That snake with legs we saw in a medieval bestiary. It came to me last night in my
First it was a vague coiled shape. A shadow lying on the pavement of a parking lot.
Then it was under a low-growing tree, and playing with a bird. Beak to snout.
They seemed to be grooming each other. Or kissing.
Snakes don’t kiss little birds, I thought. They eat them. But this one didn’t. It
turned its head and looked into my eyes. I saw that venomous mouth straight
on. It smiled.
Then it stood up on four short sturdy legs (just like the ones I remembered from
the book) and stretched.
So, I thought, I’ve discovered something here. The artist was right. This four-
legged creature is real. It’s just that it’s elusive. Nobody else has seen it again
Responsible, I notice what I can. Those rounded paws on the ground. The joints of
its toes. The flexing knees. They bear its weight – efficient – as it calmly walks
away. And disappears.
Observation. Details. Facts.
Every single book in a study should occupy its proper place. Alphabetical order,
subject matter, genres. The shelves are a skeleton – strong and straight. Like a
well-formed mind. Everything eventually finds where it belongs.
This is my refuge. Surrounded by an unobtrusive company. Friends, brought forth
from the minds of friends. Nobody shouts. Everyone is patient. Waiting
politely for the moment to speak.
Ian stares down from his image of himself on the wall. Molded face. It pulls itself
together from a welter of angles and colors. Slabs of paint that seem up close
to be a chaos organize into the shape of life.
One eye a point of light. The other a point in shadow. Visible, sculpted. Almost
invisible. The maker’s intention. If you look long enough into these eyes,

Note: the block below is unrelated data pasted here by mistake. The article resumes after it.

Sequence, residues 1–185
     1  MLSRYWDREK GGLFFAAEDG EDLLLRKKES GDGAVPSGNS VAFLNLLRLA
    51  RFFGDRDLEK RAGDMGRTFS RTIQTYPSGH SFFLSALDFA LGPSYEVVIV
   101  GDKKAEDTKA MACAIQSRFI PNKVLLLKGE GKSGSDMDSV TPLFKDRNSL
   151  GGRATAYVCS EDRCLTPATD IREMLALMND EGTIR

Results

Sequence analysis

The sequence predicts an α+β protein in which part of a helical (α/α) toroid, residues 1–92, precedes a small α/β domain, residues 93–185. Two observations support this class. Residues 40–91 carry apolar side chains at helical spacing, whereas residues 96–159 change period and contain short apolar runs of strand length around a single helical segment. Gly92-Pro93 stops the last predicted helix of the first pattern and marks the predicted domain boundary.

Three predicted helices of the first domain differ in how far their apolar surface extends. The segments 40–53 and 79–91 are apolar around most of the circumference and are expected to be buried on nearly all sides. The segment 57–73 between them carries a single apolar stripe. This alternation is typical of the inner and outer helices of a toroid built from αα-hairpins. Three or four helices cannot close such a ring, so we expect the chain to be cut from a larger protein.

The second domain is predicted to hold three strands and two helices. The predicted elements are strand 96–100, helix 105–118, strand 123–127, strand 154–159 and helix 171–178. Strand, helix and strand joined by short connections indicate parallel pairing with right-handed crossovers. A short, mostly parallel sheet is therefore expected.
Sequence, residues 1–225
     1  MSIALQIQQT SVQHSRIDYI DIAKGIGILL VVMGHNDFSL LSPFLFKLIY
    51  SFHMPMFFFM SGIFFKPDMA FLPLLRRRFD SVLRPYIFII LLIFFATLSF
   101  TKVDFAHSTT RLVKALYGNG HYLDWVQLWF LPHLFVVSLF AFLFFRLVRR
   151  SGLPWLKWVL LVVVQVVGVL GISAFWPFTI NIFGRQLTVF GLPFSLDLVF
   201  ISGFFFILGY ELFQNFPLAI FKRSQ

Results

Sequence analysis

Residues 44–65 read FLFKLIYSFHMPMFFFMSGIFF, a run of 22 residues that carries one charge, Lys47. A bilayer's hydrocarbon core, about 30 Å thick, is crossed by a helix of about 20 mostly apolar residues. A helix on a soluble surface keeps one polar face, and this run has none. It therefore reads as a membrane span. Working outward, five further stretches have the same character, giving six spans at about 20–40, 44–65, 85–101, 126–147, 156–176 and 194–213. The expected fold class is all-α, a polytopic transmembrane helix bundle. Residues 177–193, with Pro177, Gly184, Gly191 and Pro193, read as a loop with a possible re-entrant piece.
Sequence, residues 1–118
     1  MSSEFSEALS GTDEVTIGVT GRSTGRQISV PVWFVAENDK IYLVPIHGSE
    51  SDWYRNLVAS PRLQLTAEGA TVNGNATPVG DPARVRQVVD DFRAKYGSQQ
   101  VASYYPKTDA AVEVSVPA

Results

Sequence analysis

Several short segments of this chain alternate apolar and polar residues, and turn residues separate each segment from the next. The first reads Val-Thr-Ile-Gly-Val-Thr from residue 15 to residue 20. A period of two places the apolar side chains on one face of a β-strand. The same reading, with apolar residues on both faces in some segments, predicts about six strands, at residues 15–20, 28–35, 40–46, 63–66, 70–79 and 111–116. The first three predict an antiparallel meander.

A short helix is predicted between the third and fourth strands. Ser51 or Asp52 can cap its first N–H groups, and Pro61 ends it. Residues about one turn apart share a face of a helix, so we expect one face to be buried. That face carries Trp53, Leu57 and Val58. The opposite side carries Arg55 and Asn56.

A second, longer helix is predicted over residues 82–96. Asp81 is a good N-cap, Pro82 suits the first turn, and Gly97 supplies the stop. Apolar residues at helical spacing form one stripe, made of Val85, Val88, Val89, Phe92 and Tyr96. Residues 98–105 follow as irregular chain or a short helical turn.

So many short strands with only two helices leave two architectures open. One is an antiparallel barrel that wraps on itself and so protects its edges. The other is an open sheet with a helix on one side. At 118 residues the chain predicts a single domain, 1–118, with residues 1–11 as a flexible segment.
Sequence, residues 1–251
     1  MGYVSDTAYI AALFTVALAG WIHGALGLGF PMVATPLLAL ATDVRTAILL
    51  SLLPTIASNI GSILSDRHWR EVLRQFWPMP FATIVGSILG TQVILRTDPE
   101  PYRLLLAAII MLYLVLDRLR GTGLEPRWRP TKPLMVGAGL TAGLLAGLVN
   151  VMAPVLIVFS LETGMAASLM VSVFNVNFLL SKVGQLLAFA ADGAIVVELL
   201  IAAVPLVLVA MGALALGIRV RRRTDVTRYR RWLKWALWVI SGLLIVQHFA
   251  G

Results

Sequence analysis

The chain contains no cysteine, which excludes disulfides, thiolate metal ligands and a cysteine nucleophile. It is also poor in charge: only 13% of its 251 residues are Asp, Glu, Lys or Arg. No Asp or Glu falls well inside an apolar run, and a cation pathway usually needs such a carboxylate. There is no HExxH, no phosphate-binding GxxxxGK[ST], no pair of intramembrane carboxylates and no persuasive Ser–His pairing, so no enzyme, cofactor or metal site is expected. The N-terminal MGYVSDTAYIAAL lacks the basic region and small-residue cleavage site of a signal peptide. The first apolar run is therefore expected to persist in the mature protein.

I’ll feel whatever you’re feeling.
Every surface covers a depth. Every word – what lies beyond all words.
A proper study. The comforting structure of shelves. One more point in a universe
of infinite centers. Light and order. Here and now. Everything in its place.
In the hidden loom of the mind, wherever it falls, sunlight is busy. It weaves all
things it touches into the fabric of the day. Sometimes satin. Sometimes
muslin. Sometimes corduroy. Garments we put on and off until we die.
The indolent diligence of time.
Colors get heavier at night. Textures thicken.
Those Prussian-blue tiles on the dome of the church that shine like water in the
silver air go solid and dull. Forms withdraw into themselves to sleep beneath
the floating mirror of the moon. The nave – its angled buttresses, quiet
rectangles – stand where they have always stood and wait for another morning.
A graceful, serrated curve against the sky.
Learn to love what you see like sunlight falling on helpless stones.
This mind is the mind of the world. Be careful what you take into the dark.
Whatever you think about what you feel will formulate a part of what we
were. A part of this home we bequeath to the children who follow our
Buildings go to sleep when their people do. They settle down under a blanket of
silence as one by one their lights go out.
All of those sounds the day suppresses rise up to the surface and murmur. Night
If you happen to be awake, you can hear the tick of the clock. The cessant hum of
the fridge. The breathing of the person you love beside you. The whirr of
your own blood in your ears, like cicadas whirring from their secret places in
Open your eyes. Close them. Two equal darknesses. In both of which amorphous
shadows – grey on black or black on grey – slowly roil and tumble.
This borderline that separates thought and dream. Lonely listener. Reach out now
and touch the edges of all unwritten poems.
Do every sleeper’s dreams rise up somehow (through the stair-well? The air shafts?)
and mingle in the attic to produce the building’s dreams? Intangible entangled
anthology? Unrecovered poems that a building also forgets like we do with
the noise and business of the coming day?